Farmer's Market Profiles
The Indian Springs Farmer's Association!!
The Indian Springs Farmer's Association folks bring a fascinating array of native Louisiana products to market. You're guaranteed to run into a fruit, vegetable, or legume that you've never heard of before at this stall, be they pink peas, different varieties of muscadine grapes, and passion-fruit like maypops.I've very much enjoyed sampling fruits and vegetables I'd never heard of before via their stall: there's something different on offer every weekend. Just the way seasonal eating should be.
The Indian Spring Farmer's Association booth has got an incredible variety of crops on hand, and the assortment changes constantly. A healthy selection of greens includes collards, mustards, kale, turnip greens and spinach. They've also got bags of boiled peanuts, earthy field peas, cut fresh okra, and squash. Many customers can't get enough of their bags of blow-your-head off multicolored hot peppers. Indeed, they're some of the most fetchingly jewel-like produce at the Saturday market, little mega-hot wonders. The Associations has just finished up or is about to finish up with their huge watermelons, but sweet potatoes were on hand at last Saturay's market. (Start getting those Thanksgiving recipes ready!) Broccoli and brussel sprouts will emerge in the springtime.
Multi-colored habaneros. Yum.
The Indian Springs Farmers Association sellers hail from Petal, Mississippi, and drive down to NOLA every Saturday to sell their stuff. They represent a 42 member vegetable marketing cooperative, an unusual group that handles the produce of six different African-American Mississippi growers. The cooperative set-up allows farmers to negotiate better prices and engage in collective marketing practices. Each member owns shares in the coop and must pay a mere dollar to join in, ensuring the take home of maximum profits. heir reach extends further then NOLA: the Indian Spring's Farmer's Association's produce is sent as far as Chicago and Boston.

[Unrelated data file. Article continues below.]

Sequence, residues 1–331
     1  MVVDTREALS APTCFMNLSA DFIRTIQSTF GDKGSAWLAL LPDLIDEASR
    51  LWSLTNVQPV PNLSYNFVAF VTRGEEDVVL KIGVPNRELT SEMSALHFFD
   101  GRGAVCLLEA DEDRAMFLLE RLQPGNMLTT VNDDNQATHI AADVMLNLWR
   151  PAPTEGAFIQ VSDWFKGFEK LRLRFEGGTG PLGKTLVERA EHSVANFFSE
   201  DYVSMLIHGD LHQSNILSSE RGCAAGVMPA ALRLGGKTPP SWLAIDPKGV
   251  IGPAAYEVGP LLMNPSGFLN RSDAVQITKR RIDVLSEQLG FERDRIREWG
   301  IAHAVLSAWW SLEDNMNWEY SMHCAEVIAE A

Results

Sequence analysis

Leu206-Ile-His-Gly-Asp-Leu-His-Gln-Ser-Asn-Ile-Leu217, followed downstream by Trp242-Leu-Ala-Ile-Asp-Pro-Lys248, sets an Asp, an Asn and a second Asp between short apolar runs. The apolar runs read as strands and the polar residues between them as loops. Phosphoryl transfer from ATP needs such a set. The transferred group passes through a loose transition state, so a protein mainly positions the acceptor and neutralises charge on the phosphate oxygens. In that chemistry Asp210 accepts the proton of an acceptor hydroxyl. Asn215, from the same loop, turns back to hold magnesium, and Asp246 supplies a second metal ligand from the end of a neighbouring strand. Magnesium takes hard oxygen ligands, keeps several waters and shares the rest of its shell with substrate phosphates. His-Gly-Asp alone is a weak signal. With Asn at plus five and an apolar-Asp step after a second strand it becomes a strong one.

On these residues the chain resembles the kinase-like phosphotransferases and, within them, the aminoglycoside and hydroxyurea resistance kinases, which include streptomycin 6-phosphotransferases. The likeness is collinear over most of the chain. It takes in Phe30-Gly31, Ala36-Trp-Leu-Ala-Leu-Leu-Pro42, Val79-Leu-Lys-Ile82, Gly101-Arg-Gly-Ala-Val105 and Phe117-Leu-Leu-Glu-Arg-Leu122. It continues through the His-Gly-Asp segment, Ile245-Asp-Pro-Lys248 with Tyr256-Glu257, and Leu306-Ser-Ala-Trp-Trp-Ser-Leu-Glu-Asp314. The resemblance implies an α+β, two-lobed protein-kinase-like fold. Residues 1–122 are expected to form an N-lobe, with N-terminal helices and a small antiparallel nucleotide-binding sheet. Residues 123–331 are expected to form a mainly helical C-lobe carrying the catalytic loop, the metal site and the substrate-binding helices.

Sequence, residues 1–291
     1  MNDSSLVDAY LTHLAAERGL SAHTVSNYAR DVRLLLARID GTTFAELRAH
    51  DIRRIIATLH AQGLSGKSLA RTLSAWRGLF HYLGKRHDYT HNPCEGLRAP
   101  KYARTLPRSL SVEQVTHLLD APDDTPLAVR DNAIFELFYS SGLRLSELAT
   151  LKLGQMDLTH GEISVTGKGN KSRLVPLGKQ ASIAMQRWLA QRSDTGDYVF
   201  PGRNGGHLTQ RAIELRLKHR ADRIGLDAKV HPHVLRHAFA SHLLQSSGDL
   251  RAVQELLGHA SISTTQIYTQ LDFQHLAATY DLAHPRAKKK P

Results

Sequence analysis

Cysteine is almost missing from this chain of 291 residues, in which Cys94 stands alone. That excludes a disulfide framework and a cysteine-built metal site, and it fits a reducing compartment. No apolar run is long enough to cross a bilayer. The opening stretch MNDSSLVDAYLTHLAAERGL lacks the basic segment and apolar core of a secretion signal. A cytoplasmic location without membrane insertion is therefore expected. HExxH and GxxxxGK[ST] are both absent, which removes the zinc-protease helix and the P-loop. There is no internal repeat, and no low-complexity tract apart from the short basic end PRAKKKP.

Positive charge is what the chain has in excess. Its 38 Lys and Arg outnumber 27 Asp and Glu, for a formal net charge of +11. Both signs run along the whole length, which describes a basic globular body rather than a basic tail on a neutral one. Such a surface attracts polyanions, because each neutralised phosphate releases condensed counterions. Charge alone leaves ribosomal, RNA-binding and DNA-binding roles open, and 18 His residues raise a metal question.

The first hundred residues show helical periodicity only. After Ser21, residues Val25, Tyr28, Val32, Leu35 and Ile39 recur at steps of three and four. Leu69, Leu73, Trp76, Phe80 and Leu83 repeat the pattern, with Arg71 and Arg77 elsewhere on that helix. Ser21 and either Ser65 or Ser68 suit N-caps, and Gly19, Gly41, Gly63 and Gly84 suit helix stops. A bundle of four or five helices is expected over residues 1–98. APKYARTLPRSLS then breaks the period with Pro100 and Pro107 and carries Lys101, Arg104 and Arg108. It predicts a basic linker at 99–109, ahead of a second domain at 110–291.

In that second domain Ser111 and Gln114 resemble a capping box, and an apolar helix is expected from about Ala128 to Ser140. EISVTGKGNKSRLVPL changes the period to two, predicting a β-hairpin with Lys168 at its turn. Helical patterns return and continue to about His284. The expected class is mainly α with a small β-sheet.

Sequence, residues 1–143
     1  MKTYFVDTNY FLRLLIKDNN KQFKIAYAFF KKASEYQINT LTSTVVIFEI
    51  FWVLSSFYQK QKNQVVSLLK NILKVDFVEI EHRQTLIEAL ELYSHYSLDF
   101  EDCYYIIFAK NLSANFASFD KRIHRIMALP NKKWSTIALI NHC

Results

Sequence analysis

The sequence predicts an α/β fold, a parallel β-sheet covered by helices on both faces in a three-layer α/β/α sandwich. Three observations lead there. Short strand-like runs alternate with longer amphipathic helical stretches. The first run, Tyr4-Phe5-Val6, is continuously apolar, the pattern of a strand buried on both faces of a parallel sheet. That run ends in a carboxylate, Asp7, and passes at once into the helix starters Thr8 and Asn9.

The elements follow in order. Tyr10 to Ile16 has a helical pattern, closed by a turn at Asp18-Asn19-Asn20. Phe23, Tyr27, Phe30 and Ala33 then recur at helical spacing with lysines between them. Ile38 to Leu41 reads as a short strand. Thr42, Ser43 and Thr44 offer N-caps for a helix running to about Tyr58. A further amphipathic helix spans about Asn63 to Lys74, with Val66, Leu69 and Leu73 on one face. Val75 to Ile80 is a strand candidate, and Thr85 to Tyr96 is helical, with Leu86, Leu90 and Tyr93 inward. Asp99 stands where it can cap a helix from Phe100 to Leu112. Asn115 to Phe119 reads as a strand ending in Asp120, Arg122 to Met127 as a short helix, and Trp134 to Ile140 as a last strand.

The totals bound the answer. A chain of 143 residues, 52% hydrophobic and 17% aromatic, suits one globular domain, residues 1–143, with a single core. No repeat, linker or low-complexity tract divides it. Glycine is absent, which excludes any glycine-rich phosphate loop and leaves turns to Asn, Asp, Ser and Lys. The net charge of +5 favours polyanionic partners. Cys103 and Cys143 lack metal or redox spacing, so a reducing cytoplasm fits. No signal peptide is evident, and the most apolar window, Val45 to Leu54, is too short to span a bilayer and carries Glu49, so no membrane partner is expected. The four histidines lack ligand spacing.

Holy God, it sure is squash season.
The coop began in 1979 as an effort to fight back against white brokers who paid African American farmers less then white farmers for the same crops, using "white prices" and "black prices" for commodities. The Association and other co-pops like it have been success ever since.
Indeed, thehe Indian Springs Association recently became a member of the 35-coop strong Federation of Southern Cooperatives, which represents African American farmers from Texas to North Carolina. Check out the Federation of Southern Cooperatives website to find out how you can help promote cooperatives and help small farmers hold onto their land in the process.
A great cause, drop-dead gorgeous produce, and a couple of truly nice sellers. Fact is,you can't pass up the Indian Spring's Farmer's Association Inc. Go grab some chilis, some field peas, some collards and make something good next weekend.